Failing is Not the Same as Being a Failure

I have not failed. I've just found 10,000 ways that won't work. - Thomas Edison

I have not failed. I’ve just found 10,000 ways that won’t work.
– Thomas Edison

When I look back on my day, failures are the main things that I notice. My own failures in particular haunt me. Lately, reminiscing on these problems has been especially time-consuming. In fact, I can list them in my brain from just today:

  • The lowest grade ever on an exam (28 out of 40)
  • Eating two chocolates in addition to a (smaller) dessert
  • Not being able to figure out roommate arrangements at Disney
  • Looking gross in the mirror
  • Almost being late getting my costume on for Narnia 

This list continues on and on, but dwelling on it only depresses me more. Instead, I need to remember that my failures do not make me the failure. Sure, I am not perfect, but no one else is either.

Who else failed? Einstein, Edison, Leonardo Da Vinci, Tolkien, etc. What great artist, scientist, philosopher, explorer, politician, or any other person did not fail at times? Do we remember them as failures or successes?

Perhaps the people who fail the most also succeed the most in the end. If you are not willing to tumble down the hill, you will never reach the mountaintop.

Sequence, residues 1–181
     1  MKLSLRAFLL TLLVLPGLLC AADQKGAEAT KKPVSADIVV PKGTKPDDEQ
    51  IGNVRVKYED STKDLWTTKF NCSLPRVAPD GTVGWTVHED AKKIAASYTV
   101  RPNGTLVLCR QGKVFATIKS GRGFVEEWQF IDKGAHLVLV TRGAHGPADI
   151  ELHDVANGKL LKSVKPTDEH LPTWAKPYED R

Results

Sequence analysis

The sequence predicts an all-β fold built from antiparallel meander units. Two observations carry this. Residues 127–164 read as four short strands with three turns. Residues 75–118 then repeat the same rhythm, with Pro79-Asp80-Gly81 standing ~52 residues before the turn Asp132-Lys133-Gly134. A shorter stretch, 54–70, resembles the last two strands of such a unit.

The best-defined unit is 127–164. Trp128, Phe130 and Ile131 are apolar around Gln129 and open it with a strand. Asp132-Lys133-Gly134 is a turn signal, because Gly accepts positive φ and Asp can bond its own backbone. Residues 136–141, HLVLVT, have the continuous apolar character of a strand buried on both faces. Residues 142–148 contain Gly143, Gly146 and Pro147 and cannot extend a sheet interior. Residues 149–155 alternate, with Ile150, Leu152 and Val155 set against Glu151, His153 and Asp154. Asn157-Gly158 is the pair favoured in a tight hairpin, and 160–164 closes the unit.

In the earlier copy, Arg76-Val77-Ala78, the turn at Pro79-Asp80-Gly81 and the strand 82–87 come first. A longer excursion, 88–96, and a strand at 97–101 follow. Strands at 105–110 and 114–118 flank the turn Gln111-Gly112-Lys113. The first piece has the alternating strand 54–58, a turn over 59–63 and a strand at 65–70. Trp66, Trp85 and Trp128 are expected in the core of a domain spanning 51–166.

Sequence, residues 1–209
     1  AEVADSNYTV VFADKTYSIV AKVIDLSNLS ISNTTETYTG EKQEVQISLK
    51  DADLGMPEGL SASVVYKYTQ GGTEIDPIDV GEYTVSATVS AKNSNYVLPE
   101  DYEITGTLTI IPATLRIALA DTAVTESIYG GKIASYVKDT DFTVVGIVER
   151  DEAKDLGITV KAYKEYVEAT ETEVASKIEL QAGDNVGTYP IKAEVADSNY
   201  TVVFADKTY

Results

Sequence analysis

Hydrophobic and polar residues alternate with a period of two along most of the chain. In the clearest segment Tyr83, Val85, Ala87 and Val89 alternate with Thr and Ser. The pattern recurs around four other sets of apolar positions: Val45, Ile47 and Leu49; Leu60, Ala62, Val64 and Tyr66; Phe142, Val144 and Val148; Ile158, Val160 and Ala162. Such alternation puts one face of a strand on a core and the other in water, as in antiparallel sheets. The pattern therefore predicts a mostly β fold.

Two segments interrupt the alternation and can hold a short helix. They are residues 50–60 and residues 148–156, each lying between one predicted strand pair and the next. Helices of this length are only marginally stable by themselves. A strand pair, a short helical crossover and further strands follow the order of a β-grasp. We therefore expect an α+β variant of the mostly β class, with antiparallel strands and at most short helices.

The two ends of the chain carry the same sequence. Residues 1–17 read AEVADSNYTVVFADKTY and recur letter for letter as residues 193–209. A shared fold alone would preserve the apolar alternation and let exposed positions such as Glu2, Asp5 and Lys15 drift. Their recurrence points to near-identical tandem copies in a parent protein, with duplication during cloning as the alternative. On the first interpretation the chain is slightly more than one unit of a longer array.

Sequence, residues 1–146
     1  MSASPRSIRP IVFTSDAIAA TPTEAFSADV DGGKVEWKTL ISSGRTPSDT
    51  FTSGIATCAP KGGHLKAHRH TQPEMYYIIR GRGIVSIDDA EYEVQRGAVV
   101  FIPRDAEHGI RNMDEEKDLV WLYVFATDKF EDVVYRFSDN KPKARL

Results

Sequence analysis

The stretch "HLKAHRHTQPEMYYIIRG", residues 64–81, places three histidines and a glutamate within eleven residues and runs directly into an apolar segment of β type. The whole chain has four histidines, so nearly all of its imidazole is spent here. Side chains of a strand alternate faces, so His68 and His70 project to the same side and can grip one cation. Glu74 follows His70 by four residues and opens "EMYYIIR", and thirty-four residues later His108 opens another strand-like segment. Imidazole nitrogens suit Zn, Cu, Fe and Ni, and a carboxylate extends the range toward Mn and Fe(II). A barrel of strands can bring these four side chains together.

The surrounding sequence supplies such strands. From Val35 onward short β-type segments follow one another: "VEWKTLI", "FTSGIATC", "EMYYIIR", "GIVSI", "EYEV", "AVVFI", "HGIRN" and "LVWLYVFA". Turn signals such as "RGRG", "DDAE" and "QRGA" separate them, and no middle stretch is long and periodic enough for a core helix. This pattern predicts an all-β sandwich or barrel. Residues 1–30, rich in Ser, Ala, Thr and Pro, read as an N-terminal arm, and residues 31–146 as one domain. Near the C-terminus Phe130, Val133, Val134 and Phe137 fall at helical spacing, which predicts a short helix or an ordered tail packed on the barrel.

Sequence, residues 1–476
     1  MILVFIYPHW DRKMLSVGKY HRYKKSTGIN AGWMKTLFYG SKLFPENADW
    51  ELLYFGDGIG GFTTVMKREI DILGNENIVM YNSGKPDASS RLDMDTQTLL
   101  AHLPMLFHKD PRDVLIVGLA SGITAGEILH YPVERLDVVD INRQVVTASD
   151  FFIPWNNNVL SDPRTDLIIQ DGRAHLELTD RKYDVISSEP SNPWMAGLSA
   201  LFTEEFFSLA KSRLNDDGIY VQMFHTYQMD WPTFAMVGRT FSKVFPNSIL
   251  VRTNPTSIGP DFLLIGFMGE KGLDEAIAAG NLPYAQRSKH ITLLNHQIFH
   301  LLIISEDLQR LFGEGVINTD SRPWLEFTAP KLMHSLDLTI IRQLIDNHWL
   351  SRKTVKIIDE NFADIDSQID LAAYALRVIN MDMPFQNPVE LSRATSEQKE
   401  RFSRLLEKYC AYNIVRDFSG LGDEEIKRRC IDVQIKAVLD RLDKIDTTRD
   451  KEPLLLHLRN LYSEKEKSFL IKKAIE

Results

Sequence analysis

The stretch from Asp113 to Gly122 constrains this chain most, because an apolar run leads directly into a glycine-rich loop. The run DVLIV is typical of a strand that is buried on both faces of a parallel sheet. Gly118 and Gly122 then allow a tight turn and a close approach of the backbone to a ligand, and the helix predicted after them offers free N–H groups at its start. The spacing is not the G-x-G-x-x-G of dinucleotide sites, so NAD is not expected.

Thus, when you feel like a failure, try instead to see how those failures make you better and more successful in the future. Here are some examples:

  • I will study more for my next exam.
  • I will keep trying to understand what I am using food to help me cope with in life.
  • I will continue searching for the right roommate.
  • I will slowly get better at accepting my body.
  • I will get in to costume sooner next time.

Remember, you are not your failures or even your successes. You are just you.



2 thoughts on “Failing is Not the Same as Being a Failure

  1. MEM says:

    Dear Rose with Thorns,
    Although you may not be a baseball fan, it may be interesting for you to know that the famous and endearing Minnesota Twins baseball player, Kirby Puckett, had a total of 207 home runs in his 12-year career with the Twinkies but also a whopping 965 strike outs!
    Your personal examples about how to get up and keep trying show your inner pluck and resilience. Hang in there! You are worth it.

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